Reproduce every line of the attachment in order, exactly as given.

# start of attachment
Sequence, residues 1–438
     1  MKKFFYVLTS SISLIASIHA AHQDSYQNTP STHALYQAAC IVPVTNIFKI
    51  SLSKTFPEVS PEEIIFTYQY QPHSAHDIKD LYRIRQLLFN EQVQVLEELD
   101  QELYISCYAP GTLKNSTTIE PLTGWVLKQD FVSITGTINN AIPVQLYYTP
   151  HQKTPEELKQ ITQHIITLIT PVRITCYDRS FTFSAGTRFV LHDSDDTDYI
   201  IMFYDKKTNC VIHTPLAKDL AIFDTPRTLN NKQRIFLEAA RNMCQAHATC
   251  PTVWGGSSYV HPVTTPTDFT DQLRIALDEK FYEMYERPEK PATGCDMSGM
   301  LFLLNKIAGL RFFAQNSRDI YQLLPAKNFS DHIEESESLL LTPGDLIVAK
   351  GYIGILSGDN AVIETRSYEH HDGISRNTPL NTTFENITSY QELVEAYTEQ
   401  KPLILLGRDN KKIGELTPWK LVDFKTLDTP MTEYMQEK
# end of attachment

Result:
Sequence, residues 1–438
     1  MKKFFYVLTS SISLIASIHA AHQDSYQNTP STHALYQAAC IVPVTNIFKI
    51  SLSKTFPEVS PEEIIFTYQY QPHSAHDIKD LYRIRQLLFN EQVQVLEELD
   101  QELYISCYAP GTLKNSTTIE PLTGWVLKQD FVSITGTINN AIPVQLYYTP
   151  HQKTPEELKQ ITQHIITLIT PVRITCYDRS FTFSAGTRFV LHDSDDTDYI
   201  IMFYDKKTNC VIHTPLAKDL AIFDTPRTLN NKQRIFLEAA RNMCQAHATC
   251  PTVWGGSSYV HPVTTPTDFT DQLRIALDEK FYEMYERPEK PATGCDMSGM
   301  LFLLNKIAGL RFFAQNSRDI YQLLPAKNFS DHIEESESLL LTPGDLIVAK
   351  GYIGILSGDN AVIETRSYEH HDGISRNTPL NTTFENITSY QELVEAYTEQ
   401  KPLILLGRDN KKIGELTPWK LVDFKTLDTP MTEYMQEK